Aaron Judge sets sights on MLB playoffs, quest for World Series after hitting home run No. 62
ARLINGTON, Texas — The wife, parents and relatives all left town.
The bottle of Dom Perignon, presents, and gift bags sitting in front of his locker were all put away.
The horde of local TV stations, camera crews and fans that flocked to Globe Life Field the past two days, stayed home.
And Aaron Judge, for the first time in 56 games, going back to Aug. 4, had a day off Wednesday, sitting out of the Yankees’ starting lineup in their meaningless season finale against the Texas Rangers.
So how was it?
“Terrible,’’ Judge said as he packed his bags for the trip back to New York. “I didn’t know what to do with myself sitting on the bench.
“It’s been a while since I had an off-day. It was a little weird.’’
While the fans started chanting in the ninth inning, "We want Judge! We want Judge!" with Yankees manager Aaron Boone pretending not to hear them, Judge felt a tinge of guilt.
It had been two months since his last day off, and weeks of intense pressure and anxiety with the baseball world watching every at-bat as he tried to break Roger Maris’ record, but still, Judge felt awkward not being on the field or stepping to the plate.
“That’s what I’m paid to do,’’ he said. “I’ve got to be out there.’’
Judge says he still hasn’t permitted the magnitude of setting the American League single-season home run record with his 62nd on Tuesday night sink in. He still can’t fathom that President Joe Biden and former president Jimmy Carter reached out, and half-expected former President George Bush — a diehard baseball fan who once owned the Texas Rangers — to walk through the door. He heard from actors and actresses, musicians, athletes in other sports, and his own peers, all wanting to congratulate him for reaching one of baseball’s greatest milestones.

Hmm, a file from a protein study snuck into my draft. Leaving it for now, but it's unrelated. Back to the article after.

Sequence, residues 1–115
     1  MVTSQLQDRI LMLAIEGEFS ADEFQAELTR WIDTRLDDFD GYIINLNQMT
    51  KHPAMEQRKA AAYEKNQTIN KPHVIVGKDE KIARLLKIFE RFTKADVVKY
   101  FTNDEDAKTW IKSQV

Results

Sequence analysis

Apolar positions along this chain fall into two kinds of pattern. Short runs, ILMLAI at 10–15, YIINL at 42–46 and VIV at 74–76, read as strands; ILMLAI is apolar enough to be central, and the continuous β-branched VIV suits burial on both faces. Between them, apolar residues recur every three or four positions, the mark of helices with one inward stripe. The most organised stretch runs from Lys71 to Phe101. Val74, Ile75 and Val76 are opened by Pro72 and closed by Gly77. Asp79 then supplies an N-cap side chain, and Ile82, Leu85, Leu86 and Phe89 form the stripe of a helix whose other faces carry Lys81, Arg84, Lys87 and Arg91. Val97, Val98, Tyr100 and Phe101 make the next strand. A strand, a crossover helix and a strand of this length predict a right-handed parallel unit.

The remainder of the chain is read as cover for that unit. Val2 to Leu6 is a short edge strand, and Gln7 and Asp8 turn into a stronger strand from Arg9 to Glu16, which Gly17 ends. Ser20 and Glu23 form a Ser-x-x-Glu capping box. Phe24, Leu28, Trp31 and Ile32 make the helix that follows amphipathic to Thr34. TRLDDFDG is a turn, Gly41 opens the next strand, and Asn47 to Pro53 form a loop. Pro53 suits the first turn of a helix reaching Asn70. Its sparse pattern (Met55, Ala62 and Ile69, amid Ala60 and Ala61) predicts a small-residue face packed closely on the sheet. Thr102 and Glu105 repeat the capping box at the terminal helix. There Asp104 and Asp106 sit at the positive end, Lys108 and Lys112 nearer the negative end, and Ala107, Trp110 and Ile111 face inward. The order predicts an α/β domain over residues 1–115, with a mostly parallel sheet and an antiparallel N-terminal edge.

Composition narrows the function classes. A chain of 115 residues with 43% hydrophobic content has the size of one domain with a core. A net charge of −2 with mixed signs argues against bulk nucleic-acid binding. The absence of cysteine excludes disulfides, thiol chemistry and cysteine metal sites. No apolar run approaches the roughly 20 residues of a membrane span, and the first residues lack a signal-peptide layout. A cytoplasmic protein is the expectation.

“I still can’t believe it,’’ Judge says. “That meant so much to me.’’
It was a moment he’ll forever cherish.
Now, he wants to make it a season he never forgets.
The Yankees, 99-63, once again will be a force in the postseason. They aren’t favored to win the World Series. That’s the Los Angeles Dodgers. They aren’t even favored in the American League. That’s the Houston Astros.
Yet, after a sensational three months, followed by a turbulent stretch that threatened to wreck all of their dreams, here they are, trying to finally win the World Series title that has eluded them since 2009.
“It’s an exciting time of the year,’’ Judge says. “This is what we’re looking forward to. We got the regular season out of the way. This is the fun part of the year.’’
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This is a team that won 44 of its first 60 games, threatening to break the record of 116 victories in a season, only to struggle. The Yankees' 15½-game lead in July melted to 3½ games. They were nearly knocked out in August, going 10-18 — the second-worst record in baseball that month behind only the Detroit Tigers. They cleared their head, regained their footing, and won 20 of 27 games down the stretch, winning the AL East by seven games over the Toronto Blue Jays.